SAFFRON, NOT JUST A SPICE
Saffron is a precious and complex spice. It contains over 150 volatile compounds and aromas, including a large number of non-volatile active ingredients such as:
They fight free radicals responsible for cellular aging. Antioxidant and anticancer action and against decay of brain cells. Saffron has the highest content of carotenoids (1000 times higher than that of carrot). Contains carotenoids soluble in water, therefore easily assimilated.
Important in metabolism (converts carbohydrate into energy) in the growth process.
Necessary for cell metabolism, strengthens the immune system, helps to assimilate iron. Vitamins B1 and B2 are contained in excellent quantities in saffron. In addition to these there is also a good presence of vitamin C and B6.
Activates the metabolism, eases the production of gastric juices and it’s quickly assimilated. Digestive action. The safranal is the component which is due to the characteristic aroma of saffron
SAFFRON, BETWEEN MYTH AND LEGEND
In Greek mythology it is said that a beautiful young man named Crocus, who lived in the shelter of the Gods, fell in love with the nymph Smilace, who was the favorite of the god Hermes. Revenge was immediate: the boy was turned into a bulb.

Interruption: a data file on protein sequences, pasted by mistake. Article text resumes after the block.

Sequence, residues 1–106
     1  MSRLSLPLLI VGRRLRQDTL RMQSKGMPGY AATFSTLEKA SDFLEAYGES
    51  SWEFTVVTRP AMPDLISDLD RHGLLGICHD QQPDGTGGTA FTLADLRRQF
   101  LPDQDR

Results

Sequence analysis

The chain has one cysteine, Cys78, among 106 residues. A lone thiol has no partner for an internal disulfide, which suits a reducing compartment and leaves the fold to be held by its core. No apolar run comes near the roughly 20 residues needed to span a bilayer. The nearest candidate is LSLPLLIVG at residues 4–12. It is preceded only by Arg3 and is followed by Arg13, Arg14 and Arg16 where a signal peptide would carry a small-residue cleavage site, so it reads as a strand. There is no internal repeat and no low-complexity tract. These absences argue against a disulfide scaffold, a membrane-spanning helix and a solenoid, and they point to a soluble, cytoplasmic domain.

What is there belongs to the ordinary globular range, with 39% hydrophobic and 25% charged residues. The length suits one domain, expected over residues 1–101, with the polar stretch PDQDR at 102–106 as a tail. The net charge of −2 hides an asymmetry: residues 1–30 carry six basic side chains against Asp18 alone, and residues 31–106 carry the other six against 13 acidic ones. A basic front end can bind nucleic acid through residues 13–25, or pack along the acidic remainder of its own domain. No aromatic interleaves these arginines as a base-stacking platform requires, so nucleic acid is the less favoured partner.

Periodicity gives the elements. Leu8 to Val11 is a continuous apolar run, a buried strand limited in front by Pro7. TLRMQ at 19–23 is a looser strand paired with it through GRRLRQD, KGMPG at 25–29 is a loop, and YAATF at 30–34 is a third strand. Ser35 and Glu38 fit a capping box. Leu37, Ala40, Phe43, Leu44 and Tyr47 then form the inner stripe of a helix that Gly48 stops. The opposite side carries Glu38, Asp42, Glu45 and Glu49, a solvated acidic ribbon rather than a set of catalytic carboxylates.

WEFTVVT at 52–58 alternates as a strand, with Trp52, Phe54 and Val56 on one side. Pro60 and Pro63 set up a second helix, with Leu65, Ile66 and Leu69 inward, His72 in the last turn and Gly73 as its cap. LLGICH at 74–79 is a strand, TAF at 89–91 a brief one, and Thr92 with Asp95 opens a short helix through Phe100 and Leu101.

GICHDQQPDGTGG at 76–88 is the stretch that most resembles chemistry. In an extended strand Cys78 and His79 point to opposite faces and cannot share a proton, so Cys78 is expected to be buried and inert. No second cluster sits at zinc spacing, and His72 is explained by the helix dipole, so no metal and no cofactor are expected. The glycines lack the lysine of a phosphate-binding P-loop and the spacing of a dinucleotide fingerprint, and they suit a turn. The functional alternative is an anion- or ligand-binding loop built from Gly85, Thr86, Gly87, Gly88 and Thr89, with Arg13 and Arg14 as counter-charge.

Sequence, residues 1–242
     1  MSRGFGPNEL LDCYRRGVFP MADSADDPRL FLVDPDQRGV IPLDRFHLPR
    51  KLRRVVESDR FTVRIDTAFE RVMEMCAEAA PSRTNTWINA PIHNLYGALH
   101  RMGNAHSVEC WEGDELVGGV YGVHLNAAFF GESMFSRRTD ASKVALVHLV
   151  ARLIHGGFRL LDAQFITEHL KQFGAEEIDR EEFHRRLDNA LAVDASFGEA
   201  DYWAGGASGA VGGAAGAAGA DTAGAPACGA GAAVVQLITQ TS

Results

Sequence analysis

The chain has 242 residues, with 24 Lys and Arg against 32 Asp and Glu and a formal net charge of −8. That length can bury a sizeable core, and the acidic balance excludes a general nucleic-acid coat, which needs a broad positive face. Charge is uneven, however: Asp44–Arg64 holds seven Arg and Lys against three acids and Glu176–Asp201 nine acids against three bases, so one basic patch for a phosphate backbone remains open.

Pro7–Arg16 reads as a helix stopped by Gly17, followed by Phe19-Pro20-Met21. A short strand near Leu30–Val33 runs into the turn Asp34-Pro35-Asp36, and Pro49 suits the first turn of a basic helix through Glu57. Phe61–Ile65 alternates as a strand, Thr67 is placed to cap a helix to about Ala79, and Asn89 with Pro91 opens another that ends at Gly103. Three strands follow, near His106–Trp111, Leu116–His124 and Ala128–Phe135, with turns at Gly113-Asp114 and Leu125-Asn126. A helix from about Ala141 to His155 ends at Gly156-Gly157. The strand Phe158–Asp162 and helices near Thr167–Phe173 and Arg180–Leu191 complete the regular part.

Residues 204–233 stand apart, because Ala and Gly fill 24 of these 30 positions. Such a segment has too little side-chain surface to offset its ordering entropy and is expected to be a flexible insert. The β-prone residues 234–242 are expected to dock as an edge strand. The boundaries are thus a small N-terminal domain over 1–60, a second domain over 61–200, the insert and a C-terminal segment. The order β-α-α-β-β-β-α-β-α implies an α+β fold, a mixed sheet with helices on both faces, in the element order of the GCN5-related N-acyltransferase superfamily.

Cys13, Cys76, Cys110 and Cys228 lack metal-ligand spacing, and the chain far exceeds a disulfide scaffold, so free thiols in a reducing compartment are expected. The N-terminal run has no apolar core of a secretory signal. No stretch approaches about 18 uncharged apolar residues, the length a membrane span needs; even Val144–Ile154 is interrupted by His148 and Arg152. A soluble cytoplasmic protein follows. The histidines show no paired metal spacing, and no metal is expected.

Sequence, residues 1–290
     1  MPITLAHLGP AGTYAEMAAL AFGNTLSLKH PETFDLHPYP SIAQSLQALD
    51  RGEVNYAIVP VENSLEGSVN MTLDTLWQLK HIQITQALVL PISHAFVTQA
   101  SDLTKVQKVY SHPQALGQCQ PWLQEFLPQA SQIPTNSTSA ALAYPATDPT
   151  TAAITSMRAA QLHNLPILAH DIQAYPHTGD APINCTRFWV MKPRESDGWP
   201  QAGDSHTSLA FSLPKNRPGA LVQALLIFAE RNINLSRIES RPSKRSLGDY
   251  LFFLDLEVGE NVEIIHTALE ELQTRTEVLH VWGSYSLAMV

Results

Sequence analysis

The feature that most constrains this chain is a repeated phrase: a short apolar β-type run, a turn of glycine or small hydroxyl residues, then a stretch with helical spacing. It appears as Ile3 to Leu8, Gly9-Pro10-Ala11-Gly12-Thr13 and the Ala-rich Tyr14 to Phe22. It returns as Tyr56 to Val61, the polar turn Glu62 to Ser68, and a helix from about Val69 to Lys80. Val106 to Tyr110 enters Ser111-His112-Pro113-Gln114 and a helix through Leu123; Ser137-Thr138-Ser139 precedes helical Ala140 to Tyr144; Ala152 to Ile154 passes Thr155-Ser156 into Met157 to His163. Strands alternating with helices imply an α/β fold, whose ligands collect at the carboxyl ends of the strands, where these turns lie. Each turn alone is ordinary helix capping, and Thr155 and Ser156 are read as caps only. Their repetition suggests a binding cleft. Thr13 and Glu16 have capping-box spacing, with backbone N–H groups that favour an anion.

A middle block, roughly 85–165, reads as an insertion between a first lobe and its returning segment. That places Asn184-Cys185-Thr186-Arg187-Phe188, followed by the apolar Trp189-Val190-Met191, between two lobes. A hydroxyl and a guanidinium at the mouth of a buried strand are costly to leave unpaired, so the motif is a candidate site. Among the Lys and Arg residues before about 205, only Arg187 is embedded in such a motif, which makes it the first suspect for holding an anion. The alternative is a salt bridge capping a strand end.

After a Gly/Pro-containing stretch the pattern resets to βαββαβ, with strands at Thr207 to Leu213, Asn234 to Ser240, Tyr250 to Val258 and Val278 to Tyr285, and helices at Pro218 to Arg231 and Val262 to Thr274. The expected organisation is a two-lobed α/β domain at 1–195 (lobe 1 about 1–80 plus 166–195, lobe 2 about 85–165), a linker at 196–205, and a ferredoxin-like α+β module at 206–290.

Both the Greek and Roman civilizations used saffron to sprinkle the floors of temples or to perfume homes.
Plinio narrated the highly utilized aphrodisiac use of saffron. In fact the capacity to stimulate sexual activity is declared by the same, but above all to increase the lust in women. Perhaps paraphrasing this last quality could be defined as a “filter of love”. The Sidonians and the Stirs painted the veils of their brides.
IN ITALY FROM THE 13TH CENTURY
With the end of the Roman Empire the cultivation of saffron came to an abrupt halt and it was necessary to wait for the Arab colonizations around the year one thousand to see again the cultivation of saffron also in the Mediterranean countries.
The most ancient record which prove the cultivation of saffron in Italy, guarantee its start in the 13th century.
Sure enough, in the medieval era, saffron imposed itself because of its many uses in the kitchen. Cookers made use of this spice, in addition to its typical taste and scent, even because of the colouring it gives to the dish of which it’s spice.
To serve such colourful dishes was a sign of wealth and splendour so valued and put on show by medieval noble lords.
Cardinal Richelieu used a saffron jam as a stimulant.
French surgeon Ambrogio Parè used to take care of impotence suggesting the use of saffron risotto.
During 19th century scholars who faced this matter divided between the ones who believe saffron was a libido stimulant and the others who thought it was a weakening spice.
Which tendency prevailed? It is enough to know that, during 20th century, doctors tried to cure female sterility with this spice.